France Vs Ukraine was the early kick off so we headed into the fanzone only to find the match was suspended due to heavy rainfall after the first few minutes. We walked down to the stadium hoping to find a bar near the ground to catch the game. One thing I would say about Ukraine is that they still have a little way to go in terms of catching on to capitalism. Its not difficult to keep football fans happy: ensure a readily available supply of beer & food + throw some tunes on if no footy is on. It was actually impossible to buy a beer on the way to the stadium, bars had set up special street vendors, but any queue with more than 3 people is going to be a ten minute wait, the service is incredibly slow. We ended up in a nightclub which had opened early, happily paying London bar prices in order to get served.

England Tattoo
Total dedication: ouch – that has got to hurt!!

All the chat amongst the Englandfans was why only around 3000 supporters turned up. Was it the credit crunch, the panorama programme or the terrible showing in South Africa? I don’t think anyone who has been to a tournament would be put off by the usual negative media hype but it could possibly deter fans who haven’t travelled before. I think the low expectation of the team certainly has a part to play. I think a major point is that over the last 4/5 years actually watching England play is pretty boring in itself. The team don’t have a recognized style of play, we don’t play exciting football, despite some on the big names that set the Prem alight on a weekly basis. Watching England vs Wales in the qualifiers was a particularly dull occasion which did prompt me to think why we bother.sometimes! However, there is always the dream when a tournament comes round that the team will go all the way, enough to keep the regular supporters coming back for tournaments.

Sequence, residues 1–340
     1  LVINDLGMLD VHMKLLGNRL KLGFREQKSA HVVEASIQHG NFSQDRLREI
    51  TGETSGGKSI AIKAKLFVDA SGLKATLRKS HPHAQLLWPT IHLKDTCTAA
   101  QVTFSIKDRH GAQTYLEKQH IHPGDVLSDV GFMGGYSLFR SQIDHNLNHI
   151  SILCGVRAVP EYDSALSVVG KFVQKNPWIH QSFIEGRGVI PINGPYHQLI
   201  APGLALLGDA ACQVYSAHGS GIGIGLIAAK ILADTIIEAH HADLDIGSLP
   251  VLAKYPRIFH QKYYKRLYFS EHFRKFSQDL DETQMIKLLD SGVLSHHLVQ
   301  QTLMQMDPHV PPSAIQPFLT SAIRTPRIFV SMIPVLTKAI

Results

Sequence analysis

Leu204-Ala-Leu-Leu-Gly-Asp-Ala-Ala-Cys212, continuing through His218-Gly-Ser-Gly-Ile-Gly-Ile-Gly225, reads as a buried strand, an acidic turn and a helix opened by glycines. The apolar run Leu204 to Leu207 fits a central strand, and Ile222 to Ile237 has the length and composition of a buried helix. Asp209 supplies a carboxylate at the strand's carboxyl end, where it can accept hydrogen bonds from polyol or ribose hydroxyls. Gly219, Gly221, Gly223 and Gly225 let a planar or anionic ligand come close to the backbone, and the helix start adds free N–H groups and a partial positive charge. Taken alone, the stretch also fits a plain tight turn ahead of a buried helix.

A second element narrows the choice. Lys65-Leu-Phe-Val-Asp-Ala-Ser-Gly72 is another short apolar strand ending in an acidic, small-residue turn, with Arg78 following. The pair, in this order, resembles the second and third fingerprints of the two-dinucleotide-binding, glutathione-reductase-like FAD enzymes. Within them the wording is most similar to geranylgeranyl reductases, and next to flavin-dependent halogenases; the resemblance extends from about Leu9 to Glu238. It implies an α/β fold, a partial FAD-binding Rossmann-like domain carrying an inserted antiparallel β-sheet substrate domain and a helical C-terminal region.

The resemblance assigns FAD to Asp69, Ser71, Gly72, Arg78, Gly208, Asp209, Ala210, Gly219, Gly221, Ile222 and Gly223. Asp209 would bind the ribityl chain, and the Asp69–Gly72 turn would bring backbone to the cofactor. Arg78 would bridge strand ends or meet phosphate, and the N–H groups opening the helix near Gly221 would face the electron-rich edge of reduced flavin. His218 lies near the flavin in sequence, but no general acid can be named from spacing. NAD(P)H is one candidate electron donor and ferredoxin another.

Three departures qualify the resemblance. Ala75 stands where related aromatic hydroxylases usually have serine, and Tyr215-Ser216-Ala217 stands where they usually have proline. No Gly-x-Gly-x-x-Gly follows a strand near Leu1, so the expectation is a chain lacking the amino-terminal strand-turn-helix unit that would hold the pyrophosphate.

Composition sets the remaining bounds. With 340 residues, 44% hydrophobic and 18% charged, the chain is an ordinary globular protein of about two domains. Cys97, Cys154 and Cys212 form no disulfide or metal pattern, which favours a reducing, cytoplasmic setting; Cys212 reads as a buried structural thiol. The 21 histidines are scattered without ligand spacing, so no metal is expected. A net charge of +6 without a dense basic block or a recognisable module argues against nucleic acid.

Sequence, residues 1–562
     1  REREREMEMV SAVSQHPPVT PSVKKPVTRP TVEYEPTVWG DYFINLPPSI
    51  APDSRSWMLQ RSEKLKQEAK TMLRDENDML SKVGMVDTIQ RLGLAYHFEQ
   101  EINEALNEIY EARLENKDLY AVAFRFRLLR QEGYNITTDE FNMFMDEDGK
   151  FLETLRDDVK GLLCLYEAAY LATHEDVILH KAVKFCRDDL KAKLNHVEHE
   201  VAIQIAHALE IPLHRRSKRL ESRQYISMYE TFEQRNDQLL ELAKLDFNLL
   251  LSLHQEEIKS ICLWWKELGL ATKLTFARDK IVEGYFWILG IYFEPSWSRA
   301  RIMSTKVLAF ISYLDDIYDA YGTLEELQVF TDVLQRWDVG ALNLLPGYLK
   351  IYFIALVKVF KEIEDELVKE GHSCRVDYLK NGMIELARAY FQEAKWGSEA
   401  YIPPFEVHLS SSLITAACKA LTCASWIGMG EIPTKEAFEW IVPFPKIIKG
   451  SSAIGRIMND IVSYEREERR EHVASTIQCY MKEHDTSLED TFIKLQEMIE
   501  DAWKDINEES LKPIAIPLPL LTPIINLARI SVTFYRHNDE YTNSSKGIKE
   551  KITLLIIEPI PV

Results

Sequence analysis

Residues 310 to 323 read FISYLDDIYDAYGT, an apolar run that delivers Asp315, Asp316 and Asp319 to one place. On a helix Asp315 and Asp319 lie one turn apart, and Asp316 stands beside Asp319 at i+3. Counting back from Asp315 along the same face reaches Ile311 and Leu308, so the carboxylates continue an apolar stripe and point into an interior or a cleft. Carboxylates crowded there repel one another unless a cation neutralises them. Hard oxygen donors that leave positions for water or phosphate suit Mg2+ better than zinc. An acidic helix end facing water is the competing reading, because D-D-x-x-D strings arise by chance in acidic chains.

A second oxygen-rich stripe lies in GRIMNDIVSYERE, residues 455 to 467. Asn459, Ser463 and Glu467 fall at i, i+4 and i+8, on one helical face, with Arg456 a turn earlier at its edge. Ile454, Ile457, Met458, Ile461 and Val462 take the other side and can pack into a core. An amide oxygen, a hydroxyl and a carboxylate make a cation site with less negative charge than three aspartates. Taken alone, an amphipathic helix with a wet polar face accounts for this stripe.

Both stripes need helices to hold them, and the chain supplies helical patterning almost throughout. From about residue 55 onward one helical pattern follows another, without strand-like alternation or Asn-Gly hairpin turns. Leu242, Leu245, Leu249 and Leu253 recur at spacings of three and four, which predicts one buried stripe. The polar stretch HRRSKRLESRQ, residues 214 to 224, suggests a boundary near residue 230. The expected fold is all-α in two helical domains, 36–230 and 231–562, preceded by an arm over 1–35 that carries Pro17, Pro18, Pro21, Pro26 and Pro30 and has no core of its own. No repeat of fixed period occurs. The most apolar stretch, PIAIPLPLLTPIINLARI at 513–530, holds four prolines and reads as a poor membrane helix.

Some friendly taunts came from the Sweedes:

I’m an arsehole,
I’m an arsehole
I’m an arsehole, yes I am…
But I would rather be an arsehole than a fuck-king Englishman!

Exiting the bar enroute to stadium, we were stopped by the police to make way for the procession of Swedes who had embarked on an organised march from the fanzone to the stadium, an amazing sea of yellow and blue swept down the street in front of us.

Outnumbered but not outsung: two of the best supported teams in the tournament = great game